From Reflection Rock, if they proceeded along The River upstream, they would first head due north at the beginning of a broad bend that curved around to the east, then curved south and east again, making a second large loop that ended up going north again, making an extensive S curve. The waterway then continued with easier meandering curves toward the northeast. There were a few small stone shelters at the northern end of the first loop that were used as temporary stopping places when people were traveling or hunting, but the next settlement was at the southernmost end of the second loop, where a small stream joined The River through Old Valley, the home of the Fifth Cave of the Zelandonii.

Unless they were traveling by raft, which required poling upstream for almost ten miles, it was easier to reach Old Valley from Reflection Rock by going directly cross-country rather than following The River around the generous bend to
the north and back again. Over land, the home of the Fifth Cave was only a little more than three miles east and somewhat north, though the trail itself, taking the easiest way across the hilly terrain, was not quite so direct.

When Joharran came to the head of the clearly marked trail, he veered away from The River and started up a path that traversed the side of a ridge, then crossed a rounded top, where it met the high trail coming from the Third Cave at Two Rivers Rock and went down the other side to the level of The River again. As they walked, Ayla was interested in learning more about the Fifth Cave and decided to try to encourage Jondalar to talk about them.

“If the Third Cave is known for its hunters, and the people of Fourteenth Cave are recognized as good fishers, what is the Fifth Cave known for, Jondalar?” she asked.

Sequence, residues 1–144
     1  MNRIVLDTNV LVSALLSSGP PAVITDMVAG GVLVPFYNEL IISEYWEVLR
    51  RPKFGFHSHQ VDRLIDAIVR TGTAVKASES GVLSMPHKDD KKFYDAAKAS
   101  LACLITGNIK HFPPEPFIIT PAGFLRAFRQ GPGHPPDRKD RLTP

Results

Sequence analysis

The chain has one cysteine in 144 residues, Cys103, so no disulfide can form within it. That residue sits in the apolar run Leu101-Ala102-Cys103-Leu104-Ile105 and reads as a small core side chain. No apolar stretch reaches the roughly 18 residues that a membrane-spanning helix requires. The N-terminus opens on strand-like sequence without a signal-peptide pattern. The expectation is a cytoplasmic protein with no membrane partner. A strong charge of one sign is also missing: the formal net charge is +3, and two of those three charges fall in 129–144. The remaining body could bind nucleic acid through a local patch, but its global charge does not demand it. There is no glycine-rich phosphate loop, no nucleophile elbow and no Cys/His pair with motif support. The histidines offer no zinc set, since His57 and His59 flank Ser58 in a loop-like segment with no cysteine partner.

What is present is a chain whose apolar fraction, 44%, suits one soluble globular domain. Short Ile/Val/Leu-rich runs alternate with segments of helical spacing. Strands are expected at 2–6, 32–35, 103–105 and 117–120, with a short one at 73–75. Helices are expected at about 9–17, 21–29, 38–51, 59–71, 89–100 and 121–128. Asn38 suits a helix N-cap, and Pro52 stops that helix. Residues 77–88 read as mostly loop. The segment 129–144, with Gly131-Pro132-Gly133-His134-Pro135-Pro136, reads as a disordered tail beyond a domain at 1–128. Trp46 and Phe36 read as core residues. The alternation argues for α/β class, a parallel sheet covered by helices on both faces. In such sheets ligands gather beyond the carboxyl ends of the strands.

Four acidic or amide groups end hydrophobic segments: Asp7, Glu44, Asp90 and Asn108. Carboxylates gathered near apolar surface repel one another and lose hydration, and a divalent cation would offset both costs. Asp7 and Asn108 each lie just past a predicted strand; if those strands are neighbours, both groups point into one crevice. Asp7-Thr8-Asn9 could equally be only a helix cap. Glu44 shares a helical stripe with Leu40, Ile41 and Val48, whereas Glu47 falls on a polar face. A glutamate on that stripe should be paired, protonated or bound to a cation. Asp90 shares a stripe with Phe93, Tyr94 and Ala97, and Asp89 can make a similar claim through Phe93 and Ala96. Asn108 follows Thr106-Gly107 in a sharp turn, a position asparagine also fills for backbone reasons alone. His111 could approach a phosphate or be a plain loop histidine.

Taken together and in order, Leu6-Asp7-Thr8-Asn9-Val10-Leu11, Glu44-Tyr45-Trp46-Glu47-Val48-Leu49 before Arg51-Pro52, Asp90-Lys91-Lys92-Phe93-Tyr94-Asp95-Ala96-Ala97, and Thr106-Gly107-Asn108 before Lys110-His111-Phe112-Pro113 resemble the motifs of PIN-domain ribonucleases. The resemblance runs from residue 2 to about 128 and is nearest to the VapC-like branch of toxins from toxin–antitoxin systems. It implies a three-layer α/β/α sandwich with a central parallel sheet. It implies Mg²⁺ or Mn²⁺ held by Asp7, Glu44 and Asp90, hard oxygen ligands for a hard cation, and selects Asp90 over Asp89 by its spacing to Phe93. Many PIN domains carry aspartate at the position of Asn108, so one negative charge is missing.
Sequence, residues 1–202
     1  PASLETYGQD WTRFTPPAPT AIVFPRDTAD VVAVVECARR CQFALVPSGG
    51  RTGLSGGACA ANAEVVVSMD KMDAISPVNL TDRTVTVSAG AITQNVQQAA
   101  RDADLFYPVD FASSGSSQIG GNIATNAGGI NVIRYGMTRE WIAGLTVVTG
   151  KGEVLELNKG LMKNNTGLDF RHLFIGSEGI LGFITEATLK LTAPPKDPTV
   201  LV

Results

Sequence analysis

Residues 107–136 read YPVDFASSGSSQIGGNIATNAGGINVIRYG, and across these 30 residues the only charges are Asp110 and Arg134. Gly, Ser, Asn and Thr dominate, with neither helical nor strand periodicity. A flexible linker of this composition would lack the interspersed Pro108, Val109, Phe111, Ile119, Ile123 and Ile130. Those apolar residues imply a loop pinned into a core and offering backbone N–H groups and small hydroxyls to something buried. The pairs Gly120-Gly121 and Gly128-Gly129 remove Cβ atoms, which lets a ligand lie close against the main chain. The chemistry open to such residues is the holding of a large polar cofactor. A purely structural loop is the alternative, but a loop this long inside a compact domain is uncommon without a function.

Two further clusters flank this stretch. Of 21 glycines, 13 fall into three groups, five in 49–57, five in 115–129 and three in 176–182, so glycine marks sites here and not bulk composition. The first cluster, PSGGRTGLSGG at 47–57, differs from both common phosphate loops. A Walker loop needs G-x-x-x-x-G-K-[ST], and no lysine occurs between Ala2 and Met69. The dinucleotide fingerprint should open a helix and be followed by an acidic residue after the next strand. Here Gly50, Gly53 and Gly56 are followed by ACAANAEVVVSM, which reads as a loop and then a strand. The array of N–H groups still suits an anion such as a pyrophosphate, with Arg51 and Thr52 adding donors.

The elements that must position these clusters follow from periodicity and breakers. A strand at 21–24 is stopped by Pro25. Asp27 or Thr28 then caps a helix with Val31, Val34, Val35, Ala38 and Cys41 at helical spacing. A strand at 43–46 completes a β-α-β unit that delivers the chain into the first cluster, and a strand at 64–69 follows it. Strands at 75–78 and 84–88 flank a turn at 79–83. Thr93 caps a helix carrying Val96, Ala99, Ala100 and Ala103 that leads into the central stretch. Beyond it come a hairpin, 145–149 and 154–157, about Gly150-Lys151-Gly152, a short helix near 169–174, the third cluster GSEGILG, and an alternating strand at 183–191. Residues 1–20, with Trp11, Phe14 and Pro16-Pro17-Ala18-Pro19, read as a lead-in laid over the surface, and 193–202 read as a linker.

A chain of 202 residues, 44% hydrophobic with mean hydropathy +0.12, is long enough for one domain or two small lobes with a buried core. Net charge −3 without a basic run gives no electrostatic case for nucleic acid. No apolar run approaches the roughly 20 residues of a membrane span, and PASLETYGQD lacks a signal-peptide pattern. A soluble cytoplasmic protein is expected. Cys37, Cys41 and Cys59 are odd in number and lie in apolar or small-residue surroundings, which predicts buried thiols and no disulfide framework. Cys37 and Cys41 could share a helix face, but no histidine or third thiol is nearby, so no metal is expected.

“I’d say the people of the Fifth Cave are known for being very self-sufficient,” he said.

Ayla noticed that the four young people who had volunteered to lift the travois when they were crossing The River the day before were still traveling near them and crowded in closer when they heard her question. Though they had lived at the Ninth Cave all their lives, and knew the various neighboring Zelandonii Caves, they had never heard them described so that a stranger would understand them. They were interested in Jondalar’s characterizations.

“They pride themselves on having skilled hunters, fishers, and experts in every craft,” Jondalar continued. “They even make their own rafts, and say that they were the first Cave to make them, though the Eleventh Cave takes exception to that claim. Their Zelandonia and artists have always been well respected. There are deep carvings on the walls of several of their shelters, others have painted or carved plaques, mostly of bison and horses, because the Fifth Cave has a special connection with those animals.”

“Why is this called Old Valley?” Ayla asked.

“Because people have lived here longer than most of the other settlements. Their counting number alone shows their age. Only the Second and Third Caves are older than the
Fifth. The Histories of many Caves speak of ties to the Fifth Cave. Most of their wall carvings are so old, they don’t really know who made them. One is of five animals that was carved by an ancestor so long ago, it is mentioned in the Elder Legends and is a symbol of their number,” Jondalar said, “and the zelandonia say five is a very sacred number.”